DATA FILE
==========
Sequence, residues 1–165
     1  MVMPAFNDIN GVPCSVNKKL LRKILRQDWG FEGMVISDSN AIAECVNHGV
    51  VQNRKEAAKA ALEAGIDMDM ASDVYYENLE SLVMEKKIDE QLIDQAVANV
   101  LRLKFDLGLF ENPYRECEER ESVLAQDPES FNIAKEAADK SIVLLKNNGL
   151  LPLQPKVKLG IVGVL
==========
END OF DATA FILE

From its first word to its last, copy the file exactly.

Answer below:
Sequence, residues 1–165
     1  MVMPAFNDIN GVPCSVNKKL LRKILRQDWG FEGMVISDSN AIAECVNHGV
    51  VQNRKEAAKA ALEAGIDMDM ASDVYYENLE SLVMEKKIDE QLIDQAVANV
   101  LRLKFDLGLF ENPYRECEER ESVLAQDPES FNIAKEAADK SIVLLKNNGL
   151  LPLQPKVKLG IVGVL